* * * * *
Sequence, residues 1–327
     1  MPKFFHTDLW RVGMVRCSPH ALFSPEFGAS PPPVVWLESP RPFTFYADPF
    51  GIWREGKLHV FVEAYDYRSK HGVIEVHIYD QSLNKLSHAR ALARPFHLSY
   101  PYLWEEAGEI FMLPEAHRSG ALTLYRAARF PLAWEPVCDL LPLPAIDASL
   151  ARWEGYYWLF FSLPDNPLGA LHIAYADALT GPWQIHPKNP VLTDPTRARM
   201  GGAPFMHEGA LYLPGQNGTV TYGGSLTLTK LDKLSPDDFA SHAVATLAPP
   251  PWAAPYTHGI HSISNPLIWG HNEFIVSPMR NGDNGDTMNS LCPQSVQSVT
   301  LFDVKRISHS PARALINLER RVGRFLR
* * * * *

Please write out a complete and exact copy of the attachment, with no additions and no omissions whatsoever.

Sequence, residues 1–327
     1  MPKFFHTDLW RVGMVRCSPH ALFSPEFGAS PPPVVWLESP RPFTFYADPF
    51  GIWREGKLHV FVEAYDYRSK HGVIEVHIYD QSLNKLSHAR ALARPFHLSY
   101  PYLWEEAGEI FMLPEAHRSG ALTLYRAARF PLAWEPVCDL LPLPAIDASL
   151  ARWEGYYWLF FSLPDNPLGA LHIAYADALT GPWQIHPKNP VLTDPTRARM
   201  GGAPFMHEGA LYLPGQNGTV TYGGSLTLTK LDKLSPDDFA SHAVATLAPP
   251  PWAAPYTHGI HSISNPLIWG HNEFIVSPMR NGDNGDTMNS LCPQSVQSVT
   301  LFDVKRISHS PARALINLER RVGRFLR